One of the questions you might ask is, but what about other techniques like permaculture, organic gardening, etc? There is ample is room for both. Rewilding land management practices suggest that while much of our lands can be left to simply be wild, we are still in need of regenerative practices for how we live in our everyday spaces–our homes, our cities, our agricultural practices, etc.  And it is in these human-dominated spaces that is where things like permauclture apply–they apply to the 1/2 acre garden, they apply to the city park, and they certainly apply to the suburban lawn.  Permaculture also uses rewilding concepts–a perennial food forest is a wilder space that is planted and then managed primarily through harvest.  I see both rewilding and permaculture as equally important in helping shape a balanced approach to life in the present and future.

Many folks who are into rewilding also recognize that this same practice can be applied to people.  Modern civilization breeds a host of diseases of the body and mind that are products of the tight control of domestication: apathy, depression, feeling that life has no meaning, anxiety, fear, violence towards self and others, and obesity, to name a few.  Civilization may have many benefits, but ultimately, we are just another animal on this planet, and much more of our evolution was spent living like another animal working with nature to provide our needs than living as the modern-day demands–disconnected from the living earth. In fact, culture sends this message strongly: that you are not whole, that you are not right as you are, but rather, you can only be fixed by this pharmaceutical, or product, or specialist service. The principle of rewilding suggests that everything you need for wholeness can be found in nature, and by experiencing nature closer and becoming more aligned with the wild parts of nature, you can heal yourself.  It is beautifully aligned with nature spirituality and can take practices like druidry in some really fantastic directions. While there are varying degrees of personal rewilding practices, I’ll share a few here.

Enter the Wilds

The most basic rewilding practice you can do is simply to go into wild places and spend time there.  In most places, there are different kinds of wild spaces, and learning about your local region can help you select spaces that are wilder to spend time in. Here in Pennsylvania, for example, we have different kinds of public lands that are managed in different ways.  State parks are usually highly managed, state forests less so, and wilderness areas being the least of all managed. Pennsylvania currently has eighteen areas designated “Wilderness” areas that have no land management (detailed here). I’ve done overnight trips in three of these areas and they are so different in character than more managed spaces.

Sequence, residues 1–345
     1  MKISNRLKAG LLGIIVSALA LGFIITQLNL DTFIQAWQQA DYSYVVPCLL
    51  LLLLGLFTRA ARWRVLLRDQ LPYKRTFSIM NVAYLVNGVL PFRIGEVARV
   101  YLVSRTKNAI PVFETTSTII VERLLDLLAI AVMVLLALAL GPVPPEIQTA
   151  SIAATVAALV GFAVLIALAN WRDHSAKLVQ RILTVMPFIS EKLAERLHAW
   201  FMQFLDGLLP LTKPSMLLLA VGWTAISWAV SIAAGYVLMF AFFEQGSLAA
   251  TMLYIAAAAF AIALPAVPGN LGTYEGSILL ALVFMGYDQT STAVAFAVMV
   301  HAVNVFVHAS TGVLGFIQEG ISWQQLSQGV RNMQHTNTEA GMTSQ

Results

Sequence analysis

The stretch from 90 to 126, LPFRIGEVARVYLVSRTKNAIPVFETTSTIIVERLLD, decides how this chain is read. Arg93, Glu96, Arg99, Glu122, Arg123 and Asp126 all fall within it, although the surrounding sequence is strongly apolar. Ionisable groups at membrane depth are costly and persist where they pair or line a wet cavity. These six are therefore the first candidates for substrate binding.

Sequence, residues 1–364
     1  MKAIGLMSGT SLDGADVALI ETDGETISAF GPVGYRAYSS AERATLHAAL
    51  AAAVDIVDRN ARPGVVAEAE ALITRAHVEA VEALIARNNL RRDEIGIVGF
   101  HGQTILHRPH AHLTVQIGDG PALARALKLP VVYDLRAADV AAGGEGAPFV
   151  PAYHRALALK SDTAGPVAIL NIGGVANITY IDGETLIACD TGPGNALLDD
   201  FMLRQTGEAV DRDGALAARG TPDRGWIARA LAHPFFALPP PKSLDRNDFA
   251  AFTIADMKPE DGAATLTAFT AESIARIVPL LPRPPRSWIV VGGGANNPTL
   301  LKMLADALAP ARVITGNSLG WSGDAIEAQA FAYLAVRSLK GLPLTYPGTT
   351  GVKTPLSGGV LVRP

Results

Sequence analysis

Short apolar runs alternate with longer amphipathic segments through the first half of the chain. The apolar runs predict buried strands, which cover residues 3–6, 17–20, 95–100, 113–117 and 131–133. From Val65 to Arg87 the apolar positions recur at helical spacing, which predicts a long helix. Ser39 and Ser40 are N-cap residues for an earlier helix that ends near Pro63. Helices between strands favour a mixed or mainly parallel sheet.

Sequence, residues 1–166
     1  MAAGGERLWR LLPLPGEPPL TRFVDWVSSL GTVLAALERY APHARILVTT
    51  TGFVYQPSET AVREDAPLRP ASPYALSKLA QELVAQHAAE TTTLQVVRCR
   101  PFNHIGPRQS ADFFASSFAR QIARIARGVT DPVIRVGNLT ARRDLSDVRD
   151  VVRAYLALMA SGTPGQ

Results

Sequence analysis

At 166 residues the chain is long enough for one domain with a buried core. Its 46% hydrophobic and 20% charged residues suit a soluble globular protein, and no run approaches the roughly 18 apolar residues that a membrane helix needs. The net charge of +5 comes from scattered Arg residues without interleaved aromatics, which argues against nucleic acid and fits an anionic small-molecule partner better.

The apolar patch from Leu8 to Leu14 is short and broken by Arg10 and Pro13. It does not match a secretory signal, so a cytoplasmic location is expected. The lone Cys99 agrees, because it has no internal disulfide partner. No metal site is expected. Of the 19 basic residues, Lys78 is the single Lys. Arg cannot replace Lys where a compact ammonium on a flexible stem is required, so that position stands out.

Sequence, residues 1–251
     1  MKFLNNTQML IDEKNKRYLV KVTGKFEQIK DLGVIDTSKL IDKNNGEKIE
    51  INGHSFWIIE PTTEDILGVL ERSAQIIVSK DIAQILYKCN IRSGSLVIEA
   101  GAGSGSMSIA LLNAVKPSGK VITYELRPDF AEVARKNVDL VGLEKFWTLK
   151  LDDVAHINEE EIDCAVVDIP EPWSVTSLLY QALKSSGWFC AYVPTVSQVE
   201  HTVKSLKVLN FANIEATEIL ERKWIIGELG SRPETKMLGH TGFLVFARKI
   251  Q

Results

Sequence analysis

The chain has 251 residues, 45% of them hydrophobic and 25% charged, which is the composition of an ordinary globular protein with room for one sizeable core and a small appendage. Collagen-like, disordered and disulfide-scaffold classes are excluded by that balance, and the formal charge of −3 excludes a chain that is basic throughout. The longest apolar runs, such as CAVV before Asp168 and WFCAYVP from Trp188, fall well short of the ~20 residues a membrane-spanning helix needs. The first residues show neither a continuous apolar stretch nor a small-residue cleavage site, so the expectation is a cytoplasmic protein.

If you haven’t spent a lot of time in more wild spaces before, you might work yourself up to that.  Start with camping in a campground, and then shift to more primitive camping where you bring your backpack and more minimal supplies.  Find friends who have gear or are experienced in doing this. You can even work yourself up to more primitive camping once you’ve built up the skillset where you forage for food, build basic shelters, etc.  The point here is to experience more of nature and less of the domestic spaces that dominate our lives.

So what do you do when you enter these wild spaces?  The nice thing about them is that you’ll rarely encounter any other people if you’ve chosen carefully. My suggestion is to just be wild. Let loose.  Be undomesticated. Have a joyful and fun time.  Commune with nature.  Recognize that you are part of nature–and experience that joy. And see the next section for more “wild” practices you can embrace.

Allowing Yourself to Be Wild

Spending some time in a wild and undomesticated state means throwing off the trappings of civilization and simply living in the moment. This kind of thing is best done in a wild space, but you can do it in a private setting of any kind (even a private backyard!).  Let your inhibitions go–you can literally ritualize this where you envision yourself removing your inhibitions and behavioral norms and becoming free.

Swim naked in the stream. Paint yourself with berries and clay. Run naked in the rain and laugh as it hits your cheeks. Take off your shoes and climb on the rocks. Listen to the sound of the birds and call them in response. Pay attention to the movement of the animals and see if you can move like they do.  Explore. Talk with the stones. Eat wild foods (those that you know, of course).  Lay under the sun. Get dirty and muddy. Create a completely free and unstructured experience for yourself where you are deeply engaging with your senses and simply engaging in play. Spent time just moving–feel your body, be in your body.  Run with the wind, jump, dance, sing as loud as you can, and just feel yourself being free.

Get to know some wild spaces, like this forest bog!

A major change that can facilitate this wild state is removing footwear: try going barefoot or go with a pair of homemade moccasins. This past year, I’ve been wearing moccasins with increasing frequency to really feel the earth beneath my feet or going barefoot. If you want to go the moccasin route highly recommend the patterns from Earthing Moccasins –they are affordable and will protect your feet but still allow you to experience nature.